The cani-x race around Glentress forest gave us a thirst for a good long forest walk. We considered going back to Glentress, but it’s a long drive so we looked for something closer to home. We found it: Galloway Forest Park, a huge (300 square miles!) chunk of Scottish countryside complete with hills, lakes and forests. We decided to start out at the Glentrool visitor center and try out some of the signposted walks around there.
The Glentrool visitor center
Glentrool has four color-coded walks. A couple of them are ridiculously short, but two of them are a decent length – the yellow one which loops through the forest, and the green one which loops round Loch Trool and takes in a large stone monument commemorating Robert The Bruce’s success against the English. The green trail was the longest, but the yellow trail claimed to have some great views and departed directly from the visitor center, so that’s the one we chose.
The walk is supposed to be physically challenging and take around 2.5 hours to complete, but after about 35 minutes we were half way round it, in the car park that marks the start of the longer green trail. Don’t get me wrong – it had been a pleasant enough walk up to that point, but the only real challenges were (1) trying to keep the occasional frog from becoming a Beagle snack and (2) holding on to Biggles whenever his nose found a tempting scent.
Luckily we saw this little fella before Beanie & Biggles
A little clip from the forest walk – can you hear the gentle sounds of nature? No you can’t, ‘cos Biggles is aaarrfing his head off again.
To get more of a workout we decided to do the green trail then return to the visitor center via the second half of the yellow trail. Adding up the distances from map, that should have given us a walk of around 10 miles, getting us back at the visitor center shop safely before closing time (I figured I’d be due a seriously big ice cream by then). It was a good move, because the green trail was a much more satisfying walk and had some lovely views.
Bruce’s stone: it looks nice…
…but it’s way too big to carry around in your mouth.
The view from the monument site
It was a much harder walk than the yellow trail (despite the visitor center map’s claims to the contrary) and we all needed a few drink breaks..
..but we finished it with an hour and a half to go before the shop was due to close. In other words, we had 90 minutes to walk the second half of the yellow trail before the ice cream “window” closed. Easy!
We looked around for the markers for the rest of the yellow trail, and though we didn’t see them, the way forward seemed pretty obvious. Beanie & Biggles were as eager to carry on as ever, and though we were feeling a little tired and hungry at this point, we set a good pace. There was no way I was going to miss my post-walk ice cream. After a time we became concerned that we hadn’t passed any yellow route markers, but the path was really obvious so we guessed they just weren’t needed. Somewhat further on we hit a crossroads – and there was no yellow marker to show us the right way to go. We followed what appeared to be the natural continuation of the trail. I checked my watch and found we’d already been walking for 45 minutes. I was kind of surprised that we hadn’t made it back to the visitor center in that time. It was probably just around the next corner. We quickened our pace, something that Beanie & Biggles really appreciated, because we’d been going far too slow for them up to that point. Another few corners on and there was still no sign of the visitor center. Surely we hadn’t taken a wrong turning?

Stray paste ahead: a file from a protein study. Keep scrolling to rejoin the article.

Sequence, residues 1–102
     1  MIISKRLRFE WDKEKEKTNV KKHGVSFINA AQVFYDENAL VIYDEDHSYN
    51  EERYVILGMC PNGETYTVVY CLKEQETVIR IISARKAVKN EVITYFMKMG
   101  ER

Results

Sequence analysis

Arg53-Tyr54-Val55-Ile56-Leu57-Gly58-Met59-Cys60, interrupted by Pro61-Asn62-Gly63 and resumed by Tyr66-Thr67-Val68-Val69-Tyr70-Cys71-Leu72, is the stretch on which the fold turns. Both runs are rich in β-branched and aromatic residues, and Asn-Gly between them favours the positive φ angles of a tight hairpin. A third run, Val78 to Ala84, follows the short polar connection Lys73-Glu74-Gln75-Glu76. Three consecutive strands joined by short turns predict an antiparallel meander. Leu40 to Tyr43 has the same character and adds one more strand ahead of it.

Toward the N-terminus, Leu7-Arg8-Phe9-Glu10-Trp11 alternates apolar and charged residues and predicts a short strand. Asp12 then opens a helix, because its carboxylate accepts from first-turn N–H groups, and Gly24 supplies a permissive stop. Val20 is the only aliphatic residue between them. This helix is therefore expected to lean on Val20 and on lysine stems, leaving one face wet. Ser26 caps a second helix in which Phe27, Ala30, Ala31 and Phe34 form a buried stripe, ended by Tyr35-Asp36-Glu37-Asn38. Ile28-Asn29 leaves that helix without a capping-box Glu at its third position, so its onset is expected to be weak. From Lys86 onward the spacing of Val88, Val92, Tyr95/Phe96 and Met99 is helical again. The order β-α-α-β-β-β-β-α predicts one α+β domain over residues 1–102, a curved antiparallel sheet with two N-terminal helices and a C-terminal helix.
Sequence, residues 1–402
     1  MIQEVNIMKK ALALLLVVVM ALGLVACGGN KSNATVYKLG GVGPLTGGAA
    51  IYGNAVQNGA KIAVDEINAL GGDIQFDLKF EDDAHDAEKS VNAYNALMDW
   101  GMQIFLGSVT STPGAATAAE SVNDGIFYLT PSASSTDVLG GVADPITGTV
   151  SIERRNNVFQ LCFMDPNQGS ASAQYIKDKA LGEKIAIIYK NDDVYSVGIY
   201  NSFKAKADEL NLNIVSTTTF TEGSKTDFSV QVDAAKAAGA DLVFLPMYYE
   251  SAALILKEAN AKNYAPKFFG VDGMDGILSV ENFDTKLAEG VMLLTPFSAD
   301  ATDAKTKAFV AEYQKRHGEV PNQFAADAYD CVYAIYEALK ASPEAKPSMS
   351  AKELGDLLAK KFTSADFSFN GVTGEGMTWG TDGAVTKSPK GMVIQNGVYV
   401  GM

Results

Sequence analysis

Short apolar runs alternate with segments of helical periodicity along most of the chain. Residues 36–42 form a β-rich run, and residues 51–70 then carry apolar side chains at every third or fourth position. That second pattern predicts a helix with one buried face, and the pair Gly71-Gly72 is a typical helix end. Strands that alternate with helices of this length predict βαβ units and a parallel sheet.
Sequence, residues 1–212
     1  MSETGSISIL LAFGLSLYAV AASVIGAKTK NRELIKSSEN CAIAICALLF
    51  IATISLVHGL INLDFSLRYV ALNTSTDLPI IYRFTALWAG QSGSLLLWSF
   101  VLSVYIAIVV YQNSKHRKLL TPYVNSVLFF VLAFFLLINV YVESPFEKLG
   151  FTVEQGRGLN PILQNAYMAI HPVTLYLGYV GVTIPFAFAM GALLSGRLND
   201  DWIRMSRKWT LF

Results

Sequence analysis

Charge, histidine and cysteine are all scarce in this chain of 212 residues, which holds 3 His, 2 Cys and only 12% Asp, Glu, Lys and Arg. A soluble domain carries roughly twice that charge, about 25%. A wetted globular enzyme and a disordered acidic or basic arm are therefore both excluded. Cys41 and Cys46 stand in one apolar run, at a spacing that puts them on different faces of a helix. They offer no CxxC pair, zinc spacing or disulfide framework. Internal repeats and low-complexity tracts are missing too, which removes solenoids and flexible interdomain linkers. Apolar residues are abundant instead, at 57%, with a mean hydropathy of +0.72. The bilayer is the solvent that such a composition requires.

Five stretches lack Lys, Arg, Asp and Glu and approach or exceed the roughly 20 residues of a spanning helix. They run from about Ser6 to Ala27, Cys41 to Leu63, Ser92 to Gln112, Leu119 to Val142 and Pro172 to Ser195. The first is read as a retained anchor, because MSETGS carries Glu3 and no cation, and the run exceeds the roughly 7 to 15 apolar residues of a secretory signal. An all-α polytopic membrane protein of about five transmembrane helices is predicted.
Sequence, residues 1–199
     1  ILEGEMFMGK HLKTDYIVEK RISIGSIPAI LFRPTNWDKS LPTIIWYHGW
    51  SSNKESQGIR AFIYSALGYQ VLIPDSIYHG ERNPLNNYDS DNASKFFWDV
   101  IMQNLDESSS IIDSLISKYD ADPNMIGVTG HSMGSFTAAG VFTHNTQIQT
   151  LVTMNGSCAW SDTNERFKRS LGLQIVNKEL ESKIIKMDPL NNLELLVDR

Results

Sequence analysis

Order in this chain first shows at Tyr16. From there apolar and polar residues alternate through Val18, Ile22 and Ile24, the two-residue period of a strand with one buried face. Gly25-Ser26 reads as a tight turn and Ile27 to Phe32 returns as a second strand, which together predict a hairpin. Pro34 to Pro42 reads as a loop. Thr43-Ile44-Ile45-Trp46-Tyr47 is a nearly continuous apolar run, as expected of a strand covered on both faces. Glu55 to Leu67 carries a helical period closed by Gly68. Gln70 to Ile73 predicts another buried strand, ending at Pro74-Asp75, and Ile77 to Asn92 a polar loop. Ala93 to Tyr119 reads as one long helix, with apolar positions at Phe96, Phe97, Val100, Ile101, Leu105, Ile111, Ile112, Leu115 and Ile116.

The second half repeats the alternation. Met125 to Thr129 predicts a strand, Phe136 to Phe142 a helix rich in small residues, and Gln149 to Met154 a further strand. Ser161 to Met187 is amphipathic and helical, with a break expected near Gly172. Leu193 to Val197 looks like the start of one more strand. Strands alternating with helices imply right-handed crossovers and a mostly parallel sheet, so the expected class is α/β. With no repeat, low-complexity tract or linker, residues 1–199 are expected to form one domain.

Many, many moons ago I ended up doing a short course on economics. About the only thing I remember from it was the “sunk cost fallacy”. Basically, it’s human nature to keep going with a thing once you’ve invested a lot in it, because you don’t want to throw away that investment, and anyway a big win might be coming up any time , right? That’s the fallacy, because what’s lost is lost; throwing more resources at a losing proposition just increases the final cost. I really, really wish I’d paid heed to sunk cost fallacy instead of trudging further along the wrong track for another half hour.
The shop was now shut, and the only way to get back to the car was to retrace our steps all the way back to the end of the green trail and try to find the second half of the yellow trail. That’s what we did, and it took a blummin’ long time! As it turned out the yellow trail was clearly marked. It takes a special kind of idiot to get lost when they’ve got a map and the trail is well marked, but that’s the kind of idiot I am. Maybe Biggles’ recently acquired brain cells fell out of my head, not Beanie’s.